The NFL and the Raiders both botched the final football game at Oakland's Alameda County Coliseum as the team prepares to pack up for Las Vegas in 2020.
A bad call contributed to a crushing late-game collapse by the Raiders that left the jilted Black Hole projecting venom and trash at the black and silver instead of celebrating one last hurrah with their heroes.
The Raiders (6-8) were in position to close out their quarter-century run in Oakland with a win when Derek Carr scampered for a first down and slid before reaching the sideline to make sure the clock would keep running.
The official erroneously ruled him out of bounds, which forced Oakland to run another play before the 2-minute warning, sparing Jacksonville from burning a timeout and giving the Jaguars an additional 40 seconds for a winning drive in a 20-16 victory in a game they trailed 16-3 at the half.
In the confusion that followed the call — which the NFL apologized to Jon Gruden for on Monday — Oakland got a delay of game penalty, Tyrell Williams dropped a third-down pass and Daniel Carlson missed from 45 yards after a penalty gave him a do-over on his miss from 50 yards.
That set the stage for Gardner Minshew's touchdown toss to Chris Conley with 31 seconds left.
Gruden said he got an apology call from NFL officiating chief Al Riveron but was frustrated nothing could have been done at the time to rectify the mistake after seeing other calls this year get changed in New York.
"Why don't you stop the game and get the clock right? I don't think it was even close," Gruden said. "So, I'm not happy about it."
Before the game, Raiders owner Mark Davis showed not a hint of nostalgia over the team's 25-year run in Oakland, noting he went through a departure from Oakland in 1982 when the team moved to Los Angeles before returning to the Bay Area in 1995.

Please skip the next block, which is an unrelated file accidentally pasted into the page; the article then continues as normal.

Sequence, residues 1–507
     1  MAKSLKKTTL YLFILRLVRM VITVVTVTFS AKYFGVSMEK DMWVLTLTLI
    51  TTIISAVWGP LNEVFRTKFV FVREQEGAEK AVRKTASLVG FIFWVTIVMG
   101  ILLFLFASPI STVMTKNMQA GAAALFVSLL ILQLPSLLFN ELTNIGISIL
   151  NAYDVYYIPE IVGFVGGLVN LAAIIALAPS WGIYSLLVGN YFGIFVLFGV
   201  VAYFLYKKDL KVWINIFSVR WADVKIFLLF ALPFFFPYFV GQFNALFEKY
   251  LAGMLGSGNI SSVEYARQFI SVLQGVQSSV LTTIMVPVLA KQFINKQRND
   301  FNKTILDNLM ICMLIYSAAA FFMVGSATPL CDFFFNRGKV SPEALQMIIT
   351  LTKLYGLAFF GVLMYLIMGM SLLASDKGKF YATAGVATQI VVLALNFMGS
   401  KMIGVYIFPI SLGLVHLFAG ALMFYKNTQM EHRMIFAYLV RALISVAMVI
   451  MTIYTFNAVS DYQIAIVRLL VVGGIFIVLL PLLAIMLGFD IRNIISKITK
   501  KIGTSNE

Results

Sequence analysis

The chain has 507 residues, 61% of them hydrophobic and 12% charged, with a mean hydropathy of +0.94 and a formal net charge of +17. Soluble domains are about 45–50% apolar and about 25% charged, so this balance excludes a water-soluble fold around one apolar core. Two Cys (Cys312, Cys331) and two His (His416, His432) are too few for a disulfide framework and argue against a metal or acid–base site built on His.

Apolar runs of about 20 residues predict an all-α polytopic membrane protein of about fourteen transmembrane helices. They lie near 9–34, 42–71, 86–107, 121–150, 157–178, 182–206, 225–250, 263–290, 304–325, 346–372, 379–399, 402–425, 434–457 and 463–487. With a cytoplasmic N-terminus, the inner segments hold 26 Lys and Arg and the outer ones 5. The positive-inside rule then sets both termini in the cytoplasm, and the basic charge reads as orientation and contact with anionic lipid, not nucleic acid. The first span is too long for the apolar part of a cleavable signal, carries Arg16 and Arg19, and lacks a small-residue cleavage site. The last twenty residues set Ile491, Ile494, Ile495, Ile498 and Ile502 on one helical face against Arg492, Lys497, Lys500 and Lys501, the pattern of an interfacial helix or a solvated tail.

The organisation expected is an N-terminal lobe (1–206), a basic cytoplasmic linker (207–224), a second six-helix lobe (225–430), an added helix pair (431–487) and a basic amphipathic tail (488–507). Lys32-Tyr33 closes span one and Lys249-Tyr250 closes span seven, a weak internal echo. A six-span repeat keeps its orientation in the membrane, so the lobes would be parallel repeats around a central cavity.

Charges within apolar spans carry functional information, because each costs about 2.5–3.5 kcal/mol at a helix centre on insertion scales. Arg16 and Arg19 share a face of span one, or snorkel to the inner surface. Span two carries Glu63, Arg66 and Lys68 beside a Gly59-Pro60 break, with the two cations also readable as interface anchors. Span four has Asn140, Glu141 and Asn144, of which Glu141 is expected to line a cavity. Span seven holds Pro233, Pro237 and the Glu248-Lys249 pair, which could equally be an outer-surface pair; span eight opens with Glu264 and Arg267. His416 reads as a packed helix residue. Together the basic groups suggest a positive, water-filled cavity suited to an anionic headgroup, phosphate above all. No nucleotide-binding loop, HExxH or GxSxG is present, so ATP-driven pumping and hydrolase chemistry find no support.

Carr understood the fans' frustration.
"Some of these people will never be at a Raiders game again," Carr said. "It's their last time, the last time they'll go. You feel for them. It's weird that you won't call them the Oakland Raiders. That's crazy. I think everybody in football thinks that's weird whether you like us or not."
Among other noteworthy calls in Week 15:
— The New England Patriots were trolled at Paul Brown Stadium in Cincinnati a week after the Patriots went retro by bringing back the term "Spygate" into the NFL lexicon by acknowledging that a video crew working for the team filmed the Bengals' sideline in Cleveland a week ahead of their showdown in Cincy.
While the league ponders punishment for the repeat offenders, the stadium crew trolled the Patriots after Andy Dalton's touchdown throw to tight end Cethan Carter in the first quarter by playing Rockwell's "Somebody's Watching Me" over the stadium speakers.
— Peyton Manning congratulated Drew Brees for breaking his all-time record for touchdown passes — last year. In a humorous clip filmed last season, Manning congratulates Brees for breaking his career passing yards mark and then says the clip will also serve as a compliment for whenever he breaks his all-time mark for most TD throws — which he did Monday night in a 34-7 win over the Colts — "because as you can see I'm very busy. I don't have time to keep doing these videos for you congratulating you."
— LeShaun Sims' punt return hurt the Tennessee Titans' chances of a last-second comeback in their 24-21 loss to the Houston Texans that snapped a four-game winning streak.
Sims fielded the punt at the 1 as it was about to bounce into the end zone for a touchback. He returned it to the 12, costing his team valuable seconds.
With 17 seconds left, Ryan Tannehill was sacked for an 8-yard loss. He clocked the ball with 1 second left, but the officials ruled he had taken the snap at 1 second and time had run out by the time he spiked it, so the game was over.
Not that the Titans had much of a chance to score a 96-yard TD, but the officials were wrong on that last call and Sims was wrong to field the punt as it was about to go for a touchback, and that cost them a few seconds and certainly one more chance to get into field goal range to force overtime.
With contributions from AP Pro Football Writers Josh Dubow and Teresa M. Walker.
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